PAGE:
We can often get lost in the ineffable landscape of abstract visual language. It twists, pulsates, unravels, and reshapes itself into the abundance of iterations across different artists’ works. One might chalk this up to a universal intuition that within such outlets of expression—as uniquely honed as they may be—is a shared network of experiences.
It remains the keen ability of the artist to condense this vast spectrum of stories into pools of color, form, and oftentimes enigmatic imagery. Imagery that, in the nebulous aftermath of creation, nurtures inklings of a rebirth.
Through the work of such artists, a resonance is formed, allowing them to draw from the firmament of human narratives. Tapping into such a web are three artists whose works are on display at Drawing Room Manila: Amy Aragon, Jay Ticar and Maria Cruz recall the visual traces of creation, loss, industry, and memory through echoed conceptual and visual sensibilities in their paintings. Within floating spheres, Cruz finds imprints of loss; Aragon sees ripples of energy; while Ticar suggests a reframing of ubiquity. In their works is both a plurality of interpretation and parallel threads of understanding.
The Expanding Cluster of Particles and the Birth of New Planets presents the works of Aragon and Ticar as they contemplate the idea of a blank slate. The exhibit text talks of, “debris, or dust as specs of ideas and memories being gathered to create new entities and systems.” The artist duo reflects on the idea of the Big Bang—though not on the loud instance of creation, but on the “nebular formations” left behind and what new perspectives are brought to light.
With such an intriguingly descriptive title, one might be prompted to see each work through its lens. Aragon’s paintings depict scenes of an otherworldly vibrancy. Her works appear to reverberate with a cosmic energy, felt across vistas that appear calmingly natural and yet transcendent of familiar visual planes. As she distorts the recognizable, Aragon imbues each scene with a procreative energy, as if such ideas were gradually coalescing to form new worlds. From the glaring energy of Golden Hour, to the quieter mystique of Tale of Silver Linings, what was nebulous becomes both clearer and more obscure at the same time.
The essence of “clusters” and “planets” feels less palpable in the muted works of Ticar. His gray paintings depict architectural forms evoking industry and construction. Steel gratings, masses of concrete, stone-like textures—all signifiers that may cause one to wonder, through what lens do we envision creation? Is the ethereal and cosmic so far removed from the material, or can we find this colossal energy within the sacred construction of our own perceptible spaces? In Aligning Portals, we peer through a hole resembling a concentric celestial sphere. At its core is a sight not immediately recognizable yet also so discernibly commonplace, it could have been visible through our very own walls. Ticar explores the material and tangible essence of his configurations as if they marked the evolution of new bodies of sorts—expansive aggregations, or, more familiarly, the backbones of what may be considered home.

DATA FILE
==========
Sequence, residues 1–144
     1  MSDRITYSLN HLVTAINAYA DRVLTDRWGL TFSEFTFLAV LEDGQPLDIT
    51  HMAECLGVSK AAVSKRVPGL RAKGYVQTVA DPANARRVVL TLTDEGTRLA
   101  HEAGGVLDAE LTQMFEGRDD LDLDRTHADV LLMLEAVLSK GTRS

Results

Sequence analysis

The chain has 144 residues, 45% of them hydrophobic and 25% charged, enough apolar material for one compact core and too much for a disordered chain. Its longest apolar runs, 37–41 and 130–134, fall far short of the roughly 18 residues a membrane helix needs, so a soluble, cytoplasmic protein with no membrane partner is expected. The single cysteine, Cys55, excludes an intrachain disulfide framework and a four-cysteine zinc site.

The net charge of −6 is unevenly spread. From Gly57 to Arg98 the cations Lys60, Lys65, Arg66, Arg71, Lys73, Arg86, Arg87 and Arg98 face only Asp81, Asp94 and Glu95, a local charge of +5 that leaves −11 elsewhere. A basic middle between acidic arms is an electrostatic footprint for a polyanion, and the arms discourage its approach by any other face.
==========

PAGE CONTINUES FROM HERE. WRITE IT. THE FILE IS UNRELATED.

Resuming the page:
Whereas Aragon and Ticar envisage a beginning, Cruz observes the remnants of an ending. In Memory of Those Lost Paintings That Disappeared With Unrecognized View Of Life is a tribute to works the artist had lost while on transit to Melbourne last year. The show is tinged with a sense of melancholy as she mourns not only the works themselves, but the narratives they held. Although one might look at each vibrant, small canvas and not feel an immediate sense of loss, in recontextualizing each work as vestiges of what once was, one suddenly finds alienation within the many circular marks and bright hues, now “unrecognized” as they may be. As detailed as they appear, works like Fourteen Seventy Three (1473) and Six Hundred Fifty Four take on a vacant character. Yet one could also view Cruz’s works as a reimagining, visualizing new lives where previously they had been cut short. The repetitive nature of her marks may be seen as both an act of tribute and propagation, their possibilities growing in multitude.
Both shows are a testament to the evocative power of visual mark-making. Drawing from an all-encompassing reservoir of painterly affects, Ticar, Aragon, and Cruz surpass the boundaries of their individual practices. Such is the simple yet endlessly generative power of the artist: to use pervasive visual impressions to evoke a universe of human experiences. Like in Cruz’s works, they assure that this cycle of rebirth is immutable, and ideas and their visual manifestations are constantly in flux. In the aftermath of this creative genesis, artist and viewer alike are enveloped in cryptic tapestries of shapes, colors, and the inscrutable, yet altogether intimately familiar.
The Expanding Cluster of Particles and the Birth of New Planets and In Memory of Those Lost Paintings That Disappeared With Unrecognized View Of Life run until March 11, 2023, at The Drawing Room Manila.
Mara Fabella is an artist, writer, and occasional fitness junkie. Tap the button below if you'd like to buy her a coffee.